The culture will malign us, will wonder why we don’t just go along with the changing times, will persecute us for standing up for the truth and godliness. Again, we must entrust ourselves to the Lord – “For after all it is only just for God to repay with affliction those who afflict you, and to give relief to you who are afflicted and to us as well when the Lord Jesus will be revealed from heaven with His mighty angels in flaming fire, dealing out retribution to those who do not know God and to those who do not obey the gospel of our Lord Jesus. These will pay the penalty of eternal destruction, away from the presence of the Lord and from the glory of His power…” (II Thessalonians 1:6-9). And we must recommit ourselves to the practice of holiness, bearing witness to the truth no matter what the cost: “But even if you should suffer for the sake of righteousness, you are blessed. And do not fear their intimidation, and do not be troubled, but sanctify Christ as Lord in your hearts, always being ready to make a defense to everyone who asks you to give an account for the hope that is in you, yet with gentleness and reverence; and keep a good conscience so that in the thing in which you are slandered, those who revile your good behavior in Christ will be put to shame. For it is better, if God should will it so, that you suffer for doing what is right rather than for doing what is wrong…” (I Peter 3:14-17). Christians must continue to explain why we believe what we believe, with gentleness, respect, and reverence for God and man. We don’t back down from stating the truth of God’s word, even when our culture rejects it as an authority.

God has willed that our country abandon the creation ordinance of marriage, and perhaps that His people will know suffering as a result. Our faith in His sovereignty keeps us from panic and absolutely dismay, and keeps us resting in His sufficient grace – when we are weak, then we are strong in Christ (II Corinthians 12:9-10).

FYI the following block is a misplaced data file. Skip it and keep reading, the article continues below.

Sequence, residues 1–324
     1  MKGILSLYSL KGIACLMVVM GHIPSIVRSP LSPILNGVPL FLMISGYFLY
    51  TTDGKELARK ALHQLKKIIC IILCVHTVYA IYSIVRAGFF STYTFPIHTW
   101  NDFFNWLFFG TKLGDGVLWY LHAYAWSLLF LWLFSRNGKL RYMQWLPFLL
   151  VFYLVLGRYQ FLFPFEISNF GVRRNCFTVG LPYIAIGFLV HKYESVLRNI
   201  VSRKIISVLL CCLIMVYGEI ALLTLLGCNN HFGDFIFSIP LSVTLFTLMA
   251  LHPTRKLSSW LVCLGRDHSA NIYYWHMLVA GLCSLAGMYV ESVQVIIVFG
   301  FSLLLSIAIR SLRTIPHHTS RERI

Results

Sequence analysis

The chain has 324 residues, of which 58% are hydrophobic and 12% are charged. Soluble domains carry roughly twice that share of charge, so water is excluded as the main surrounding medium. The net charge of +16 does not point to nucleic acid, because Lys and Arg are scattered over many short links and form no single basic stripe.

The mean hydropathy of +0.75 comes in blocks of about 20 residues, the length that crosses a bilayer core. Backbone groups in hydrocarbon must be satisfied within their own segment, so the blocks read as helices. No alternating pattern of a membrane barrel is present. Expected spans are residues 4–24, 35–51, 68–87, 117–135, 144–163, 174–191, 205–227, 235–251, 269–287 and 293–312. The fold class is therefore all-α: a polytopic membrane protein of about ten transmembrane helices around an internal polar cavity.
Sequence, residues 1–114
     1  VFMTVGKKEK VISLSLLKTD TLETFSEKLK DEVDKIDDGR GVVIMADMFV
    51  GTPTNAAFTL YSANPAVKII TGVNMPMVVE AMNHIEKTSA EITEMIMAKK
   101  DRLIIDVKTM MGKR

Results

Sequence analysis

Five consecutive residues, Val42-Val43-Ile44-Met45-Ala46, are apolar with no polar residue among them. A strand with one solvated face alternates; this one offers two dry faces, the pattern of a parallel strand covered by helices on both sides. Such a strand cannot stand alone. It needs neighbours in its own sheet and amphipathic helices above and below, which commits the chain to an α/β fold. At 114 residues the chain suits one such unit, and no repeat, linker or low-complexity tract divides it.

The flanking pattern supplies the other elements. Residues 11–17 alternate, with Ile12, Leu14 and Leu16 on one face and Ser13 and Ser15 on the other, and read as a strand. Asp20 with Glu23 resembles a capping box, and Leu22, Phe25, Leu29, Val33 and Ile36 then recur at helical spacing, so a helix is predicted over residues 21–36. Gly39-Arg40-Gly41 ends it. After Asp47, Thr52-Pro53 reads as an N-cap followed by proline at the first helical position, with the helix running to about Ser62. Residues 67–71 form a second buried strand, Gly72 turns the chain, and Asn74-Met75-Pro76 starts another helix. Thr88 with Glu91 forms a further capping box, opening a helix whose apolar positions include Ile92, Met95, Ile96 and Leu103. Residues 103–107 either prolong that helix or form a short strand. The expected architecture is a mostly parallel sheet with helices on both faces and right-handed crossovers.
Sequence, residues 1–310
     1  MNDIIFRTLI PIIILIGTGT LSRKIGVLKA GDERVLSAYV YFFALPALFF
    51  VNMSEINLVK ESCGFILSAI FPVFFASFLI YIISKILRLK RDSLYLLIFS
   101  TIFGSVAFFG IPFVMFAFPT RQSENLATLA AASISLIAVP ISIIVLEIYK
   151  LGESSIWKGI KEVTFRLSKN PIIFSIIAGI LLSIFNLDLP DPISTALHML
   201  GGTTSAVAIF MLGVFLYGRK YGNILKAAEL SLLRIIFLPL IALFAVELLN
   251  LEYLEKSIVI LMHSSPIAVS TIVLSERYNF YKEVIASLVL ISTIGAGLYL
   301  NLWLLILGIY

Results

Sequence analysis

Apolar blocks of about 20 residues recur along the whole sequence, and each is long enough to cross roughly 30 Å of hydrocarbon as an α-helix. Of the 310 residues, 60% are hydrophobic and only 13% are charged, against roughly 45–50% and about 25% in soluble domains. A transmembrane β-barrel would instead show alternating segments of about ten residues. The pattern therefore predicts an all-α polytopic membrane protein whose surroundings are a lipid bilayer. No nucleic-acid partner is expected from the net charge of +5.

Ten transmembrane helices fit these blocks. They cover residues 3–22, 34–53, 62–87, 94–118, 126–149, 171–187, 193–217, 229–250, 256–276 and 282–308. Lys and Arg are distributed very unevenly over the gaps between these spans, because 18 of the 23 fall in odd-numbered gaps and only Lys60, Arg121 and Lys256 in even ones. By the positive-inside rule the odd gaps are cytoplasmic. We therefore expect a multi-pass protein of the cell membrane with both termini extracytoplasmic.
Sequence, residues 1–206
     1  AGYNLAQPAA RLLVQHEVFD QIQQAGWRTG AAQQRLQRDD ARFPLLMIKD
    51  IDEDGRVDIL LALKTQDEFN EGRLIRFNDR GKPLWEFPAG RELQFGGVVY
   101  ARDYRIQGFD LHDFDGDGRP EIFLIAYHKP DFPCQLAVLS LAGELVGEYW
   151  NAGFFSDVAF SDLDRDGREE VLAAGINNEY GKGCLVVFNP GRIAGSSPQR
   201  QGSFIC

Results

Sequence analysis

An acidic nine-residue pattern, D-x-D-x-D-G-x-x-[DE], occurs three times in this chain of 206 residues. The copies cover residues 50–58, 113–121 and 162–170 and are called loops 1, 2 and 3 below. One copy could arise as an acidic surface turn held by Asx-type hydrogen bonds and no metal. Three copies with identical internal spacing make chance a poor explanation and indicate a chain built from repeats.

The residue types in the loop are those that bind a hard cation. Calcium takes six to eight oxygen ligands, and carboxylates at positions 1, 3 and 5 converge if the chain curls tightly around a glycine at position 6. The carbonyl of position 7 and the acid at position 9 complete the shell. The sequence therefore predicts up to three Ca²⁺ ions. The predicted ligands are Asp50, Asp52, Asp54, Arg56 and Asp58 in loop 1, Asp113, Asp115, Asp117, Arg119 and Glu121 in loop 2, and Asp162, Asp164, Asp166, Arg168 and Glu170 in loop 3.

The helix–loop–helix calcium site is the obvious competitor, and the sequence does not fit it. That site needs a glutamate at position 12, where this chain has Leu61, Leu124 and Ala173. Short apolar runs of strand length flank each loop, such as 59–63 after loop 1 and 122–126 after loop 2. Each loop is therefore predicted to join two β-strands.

3. It’s a good time to remember the doctrine of the spirituality of the church, expressed clearly in the 17th century in the Westminster Confession of Faith: “Synods and councils are to handle, or conclude nothing, but that which is ecclesiastical: and are not to intermeddle with civil affairs which concern the commonwealth, unless by way of humble petition in cases extraordinary; or, by way of advice, for satisfaction of conscience, if they be thereunto required by the civil magistrate” (WCF 31.4). In the words of the PCA Book of Church Order, “The power of the Church is exclusively” spiritual; that of the State includes the exercise of force. The constitution of the Church derives from divine revelation; the constitution of the State must be determined by human reason and the course of providential events. The Church has no right to construct or modify a government for the State, and the State has no right to frame a creed or polity for the Church. They are as planets moving in concentric orbits: “Render unto Caesar the things that are Caesar’s and to God the things that are God’s” (Matthew 22:21). The church is a spiritual kingdom, not of this world (John 18:36). Sessions and Presbyteries and Assemblies can bear witness to the moral and spiritual truth of cultural/political matters, but must leave civil government in the hands of civil magistrates – even when its decisions are morally bankrupt. Of course, individual Christians are members of two kingdoms, and as citizens of America are called to be salt and light, to render unto Caesar the things that are Caesar’s, and to God to the things that are God’s. We must continue to submit to the governing authorities (Romans 13:1ff.), insofar as they are not asking us to do something that God forbids, or preventing us from doing something God commands. Christian statesmen can and ought certainly seek to work to protect the rights of Christians and churches (as they are already seeking to do), but no matter what happens with such attempts our calling remains unchanged: “You are a chosen race, a royal priesthood, a holy nation, a people for God’s own possession, so that you may proclaim the excellencies of Him who has called you out of darkness into His marvelous light; for you once were not a people, but now you are the people of God; you had not received mercy, but now you have received mercy. Beloved, I urge you as aliens and strangers to abstain from fleshly lusts which wage war against the soul. Keep your behavior excellent among the Gentiles, so that in the thing in which they slander you as evildoers, they may because of your good deeds, as they observe them, glorify God in the day of visitation” (I Peter 2:9-12). Let us not “return evil for evil or insult for insult, but give a blessing instead; for you were called for the very purpose that you might inherit a blessing” (I Peter 3:9). May God give us many opportunities in the coming days to be a blessing even to those who hate us, that they might turn to Christ and be saved, that they as well as we might not be conformed to this world, but be transformed by the renewing of our minds (Romans 12:1-2).